Desertion is a soldier's abandonment of duty without permission from a superior. In the United States, desertion is measured by intent not to return, intent to avoid hazardous or important responsibility, or accepting another military position without separation from the current one.

  • Don't Believe the Desertions Story (Washington Post) November 19, 2007.
    The only clear trend is the increasing willingness of both the pro-military and anti-war factions to appropriate any statistic in their effort to make their case and, in the process, divide our society.

Memorial to Deserters by Hannah Stuetz Menzel. Dedicated November 19, 2005 Ulm, Germany

"Desertion is not reprehensible, war is."
"Here lived a man who refused to shoot at his fellow men, honor to his memory!" - Kurt Tucholsky, journalist, 1925

Deserters' Memorial by Nikolaus Kernbach. Dedicated August 30, 2007.

The plaque at the foot of the memorial reads, "Dedicated to the deserters of all wars / Sculptor Nikolaus Kernbach, profile cut 1996/2001, stonemakers Treulieb Stuttgart / The Initiative for a Desserters Memorial in Stuttgart,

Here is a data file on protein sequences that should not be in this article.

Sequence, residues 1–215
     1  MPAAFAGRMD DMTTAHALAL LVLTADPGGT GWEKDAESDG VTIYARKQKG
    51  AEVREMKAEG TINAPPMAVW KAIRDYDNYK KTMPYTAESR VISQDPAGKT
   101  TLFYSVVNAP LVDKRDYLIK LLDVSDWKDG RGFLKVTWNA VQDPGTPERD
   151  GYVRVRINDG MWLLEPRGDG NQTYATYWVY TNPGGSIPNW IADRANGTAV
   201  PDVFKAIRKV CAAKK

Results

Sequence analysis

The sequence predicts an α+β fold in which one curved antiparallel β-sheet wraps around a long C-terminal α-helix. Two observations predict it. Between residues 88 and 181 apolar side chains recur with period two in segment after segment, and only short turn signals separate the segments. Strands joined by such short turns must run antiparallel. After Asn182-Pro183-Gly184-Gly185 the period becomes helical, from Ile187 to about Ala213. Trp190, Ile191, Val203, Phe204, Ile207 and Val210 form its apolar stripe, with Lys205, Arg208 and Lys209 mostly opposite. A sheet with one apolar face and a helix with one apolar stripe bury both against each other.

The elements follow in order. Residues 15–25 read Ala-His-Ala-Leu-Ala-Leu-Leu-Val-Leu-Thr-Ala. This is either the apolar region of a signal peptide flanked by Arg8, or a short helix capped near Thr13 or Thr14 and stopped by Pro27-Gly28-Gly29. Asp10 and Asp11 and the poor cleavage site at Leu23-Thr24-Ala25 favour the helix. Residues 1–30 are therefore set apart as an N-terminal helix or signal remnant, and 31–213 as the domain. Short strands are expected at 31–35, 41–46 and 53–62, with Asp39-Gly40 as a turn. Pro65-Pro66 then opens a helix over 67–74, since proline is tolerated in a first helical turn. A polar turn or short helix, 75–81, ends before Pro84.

This political epithet describes a supporter of the war who has never personally been in a war, especially if that person actively avoided draft or other military service.

Draft History

Although the policy of conscription has been around since the American Revolution's militias, the Selective Service has only existed since 1940 when President Franklin Roosevelt signed the Selective Training and Service Act, establishing peacetime draft. For 25 years (1948-1973) men were drafted to fill vacancies in the armed forces. (About.com). For 5 years (1975-1980), compulsory registration was even suspended, reinstated by President Carter in response to Soviet invasion of Afghanistan.

Vietnam Draft Timeline

1960 - Nixon runs on an end-the-draft campaign